While Youngs drew the inspiration for her sermon series from the Tennessee hills and her own imagination and love for music, (she’ll be singing and playing guitar in worship during the rest of the series), it’s not uncommon for church leaders to turn to pop culture – movies, books, music, television, TikTok and Instagram – for inspiration for preaching.
Books and study guides are available that offer connections between the Gospel and “Star Wars,” the Twilight series, “The Simpsons,” Disney, Bob Dylan, Bruce Springsteen, the Harry Potter series, U2 and more.
For instance, the Beyoncé Mass, a womanist worship service presented around the country, uses the life and music of Beyoncé Knowles-Carter to explore “how Black women find their voice, represent the image of God, and create spaces for liberation,” the website for the worship service states.
It evolved out of a chapel service presented in 2018 at what was then San Francisco Theological Seminary by students in Old Testament assistant professor Yolanda Norton’s class “Beyoncé and the Hebrew Bible.”
In a YouTube video explaining the genesis of the project, Norton said that what was important for her in teaching the class “was about giving Black women a voice. We talk about how Black women are marginalized, our bodies are judged, but also we talk about how Black women are empowering, how we start movements, how we change the environments that we are a part of.”
Norton also wrote in 2018 that “a lot of work has been done by Christians to separate the church and the world in ways that Jesus never did. Jesus was out among the people. When he saw that people were hungry, he gave them food. When he saw that people were wounded, Jesus healed them. He didn’t ask questions about their social status, he didn’t put qualifiers on his love. The commission of the Gospel is love. The calling of God requires a willingness to meet people in all spaces and places. … This is my way of giving voice to the nameless Black women that have never been seen or heard.”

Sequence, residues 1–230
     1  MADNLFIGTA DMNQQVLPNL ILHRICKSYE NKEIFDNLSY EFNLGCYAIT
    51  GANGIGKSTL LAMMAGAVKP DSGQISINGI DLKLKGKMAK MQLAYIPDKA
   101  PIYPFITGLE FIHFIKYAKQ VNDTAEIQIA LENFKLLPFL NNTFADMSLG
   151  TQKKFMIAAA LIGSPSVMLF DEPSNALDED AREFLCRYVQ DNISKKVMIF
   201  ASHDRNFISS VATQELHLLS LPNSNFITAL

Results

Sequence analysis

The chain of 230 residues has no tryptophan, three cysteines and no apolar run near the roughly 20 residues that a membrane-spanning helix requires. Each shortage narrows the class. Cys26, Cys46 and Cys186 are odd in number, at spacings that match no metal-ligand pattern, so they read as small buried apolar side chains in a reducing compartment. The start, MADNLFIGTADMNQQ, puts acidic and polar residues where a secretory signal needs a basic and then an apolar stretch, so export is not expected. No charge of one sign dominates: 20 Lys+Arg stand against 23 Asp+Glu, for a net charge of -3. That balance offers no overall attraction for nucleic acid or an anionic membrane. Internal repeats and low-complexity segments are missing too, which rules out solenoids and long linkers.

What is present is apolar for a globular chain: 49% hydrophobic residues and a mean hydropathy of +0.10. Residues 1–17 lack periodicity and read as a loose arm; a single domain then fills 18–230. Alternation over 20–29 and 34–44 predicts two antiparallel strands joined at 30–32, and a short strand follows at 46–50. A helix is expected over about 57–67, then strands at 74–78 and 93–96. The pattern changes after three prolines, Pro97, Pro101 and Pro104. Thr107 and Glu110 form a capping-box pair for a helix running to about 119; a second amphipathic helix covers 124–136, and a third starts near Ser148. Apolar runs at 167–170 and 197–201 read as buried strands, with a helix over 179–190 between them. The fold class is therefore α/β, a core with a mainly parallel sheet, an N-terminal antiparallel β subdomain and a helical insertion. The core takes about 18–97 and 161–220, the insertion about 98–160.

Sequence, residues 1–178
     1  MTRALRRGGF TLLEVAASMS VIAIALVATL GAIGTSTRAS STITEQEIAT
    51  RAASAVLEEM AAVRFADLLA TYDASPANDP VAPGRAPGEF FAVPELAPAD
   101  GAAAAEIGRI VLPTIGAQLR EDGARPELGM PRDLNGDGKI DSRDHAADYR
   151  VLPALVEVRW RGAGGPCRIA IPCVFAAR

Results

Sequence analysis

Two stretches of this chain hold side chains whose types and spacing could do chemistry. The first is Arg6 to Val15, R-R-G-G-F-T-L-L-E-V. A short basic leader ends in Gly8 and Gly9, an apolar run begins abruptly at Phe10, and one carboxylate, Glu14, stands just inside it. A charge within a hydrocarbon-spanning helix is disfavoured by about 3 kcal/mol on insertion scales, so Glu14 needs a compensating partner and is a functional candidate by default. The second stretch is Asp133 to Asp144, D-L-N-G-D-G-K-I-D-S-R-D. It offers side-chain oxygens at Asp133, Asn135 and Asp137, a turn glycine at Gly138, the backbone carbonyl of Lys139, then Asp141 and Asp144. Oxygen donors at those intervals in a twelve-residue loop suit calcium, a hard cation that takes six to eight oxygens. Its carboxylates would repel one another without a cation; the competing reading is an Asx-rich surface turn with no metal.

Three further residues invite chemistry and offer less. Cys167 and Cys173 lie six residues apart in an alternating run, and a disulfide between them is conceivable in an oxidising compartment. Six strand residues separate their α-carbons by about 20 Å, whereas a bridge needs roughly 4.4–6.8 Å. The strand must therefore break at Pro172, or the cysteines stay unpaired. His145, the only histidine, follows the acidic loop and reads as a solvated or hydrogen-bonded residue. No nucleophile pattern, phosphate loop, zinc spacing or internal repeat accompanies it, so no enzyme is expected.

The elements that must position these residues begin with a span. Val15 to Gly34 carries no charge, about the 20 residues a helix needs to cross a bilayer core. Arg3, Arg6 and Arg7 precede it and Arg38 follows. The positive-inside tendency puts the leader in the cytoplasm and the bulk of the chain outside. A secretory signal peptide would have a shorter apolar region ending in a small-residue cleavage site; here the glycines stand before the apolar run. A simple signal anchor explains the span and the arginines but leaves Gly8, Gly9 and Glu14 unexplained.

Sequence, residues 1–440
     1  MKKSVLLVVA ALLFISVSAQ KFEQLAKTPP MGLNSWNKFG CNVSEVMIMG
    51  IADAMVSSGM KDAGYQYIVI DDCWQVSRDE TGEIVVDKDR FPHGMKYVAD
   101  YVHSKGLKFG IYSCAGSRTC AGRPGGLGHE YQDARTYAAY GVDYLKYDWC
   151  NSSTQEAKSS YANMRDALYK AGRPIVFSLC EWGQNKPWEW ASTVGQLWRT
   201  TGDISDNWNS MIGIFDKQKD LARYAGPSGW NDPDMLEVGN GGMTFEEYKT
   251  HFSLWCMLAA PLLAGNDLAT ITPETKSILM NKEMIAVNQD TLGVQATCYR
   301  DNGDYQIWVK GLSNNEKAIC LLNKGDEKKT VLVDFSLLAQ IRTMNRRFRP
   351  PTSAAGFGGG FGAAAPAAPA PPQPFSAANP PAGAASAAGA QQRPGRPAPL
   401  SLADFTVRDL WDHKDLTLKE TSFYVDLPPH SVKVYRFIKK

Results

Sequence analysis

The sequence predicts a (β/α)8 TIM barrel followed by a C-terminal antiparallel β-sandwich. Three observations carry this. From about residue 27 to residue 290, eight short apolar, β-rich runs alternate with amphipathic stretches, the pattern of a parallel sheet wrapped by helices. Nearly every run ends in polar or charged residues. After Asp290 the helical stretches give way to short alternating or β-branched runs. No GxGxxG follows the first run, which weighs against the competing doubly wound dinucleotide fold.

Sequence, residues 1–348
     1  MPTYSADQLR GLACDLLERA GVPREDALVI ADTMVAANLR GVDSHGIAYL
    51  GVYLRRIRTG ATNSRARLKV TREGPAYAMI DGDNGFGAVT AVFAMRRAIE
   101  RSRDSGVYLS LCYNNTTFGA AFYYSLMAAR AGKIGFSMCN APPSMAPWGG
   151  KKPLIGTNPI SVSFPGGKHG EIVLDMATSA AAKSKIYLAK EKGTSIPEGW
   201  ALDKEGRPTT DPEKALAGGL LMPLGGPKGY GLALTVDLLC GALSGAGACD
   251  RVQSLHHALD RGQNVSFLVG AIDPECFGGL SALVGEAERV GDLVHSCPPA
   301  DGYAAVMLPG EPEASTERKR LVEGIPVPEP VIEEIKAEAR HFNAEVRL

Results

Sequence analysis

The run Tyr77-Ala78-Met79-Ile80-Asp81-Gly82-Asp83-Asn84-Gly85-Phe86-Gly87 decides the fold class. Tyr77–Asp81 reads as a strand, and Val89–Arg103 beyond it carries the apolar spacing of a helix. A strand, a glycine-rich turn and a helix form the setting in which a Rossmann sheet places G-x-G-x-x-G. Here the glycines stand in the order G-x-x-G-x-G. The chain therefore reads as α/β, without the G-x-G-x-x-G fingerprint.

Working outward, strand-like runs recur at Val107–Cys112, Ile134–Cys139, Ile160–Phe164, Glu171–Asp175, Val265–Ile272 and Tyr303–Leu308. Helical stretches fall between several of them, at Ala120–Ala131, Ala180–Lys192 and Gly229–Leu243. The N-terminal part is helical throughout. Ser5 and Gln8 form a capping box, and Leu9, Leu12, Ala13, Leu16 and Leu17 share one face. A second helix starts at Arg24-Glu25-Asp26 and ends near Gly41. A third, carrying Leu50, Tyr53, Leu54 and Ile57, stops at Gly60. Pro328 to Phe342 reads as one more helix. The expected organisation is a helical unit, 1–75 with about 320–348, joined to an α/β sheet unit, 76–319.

Youngs said her sermon series is “kind of a work in progress,” but she hopes to tie in themes raised in so many of the stories told in country music songs.
“There’s a reason why Jesus told parables,” she said. “My experience is that when you tell a story, people lean forward, say ‘Tell me more.’”
She plans to preach about Dolly Parton and the singer’s commitment to community. “She’s done so much for the region here,” Youngs said. Other themes that surface in her music: authenticity, joy and hope. In “Jesus & Gravity,” Parton sings of having “something to lift me up” – faith in Jesus – and gravity to keep her grounded.
One Sunday, Youngs plans to include the Garth Brooks’ song “The River” — a gorgeous song, Youngs said, which presents the idea “work hard, but whatever life brings, have passion and engage it. There’s a little bit of Ecclesiastes in it. I’m pulling from the Sermon on the Mount — the ‘don’t worry’ passage that Jesus talks about in [Matthew] 6. Be responsible, but just live life with gusto. Whatever it brings, engage it.”
Youngs admits that not everyone is a country music fan in her congregation. But she hopes the stories in the songs will pull people in.
“That’s our faith,” Youngs said. “We learn it through story. That’s how Jesus taught faith: ‘Let me tell you a story.’”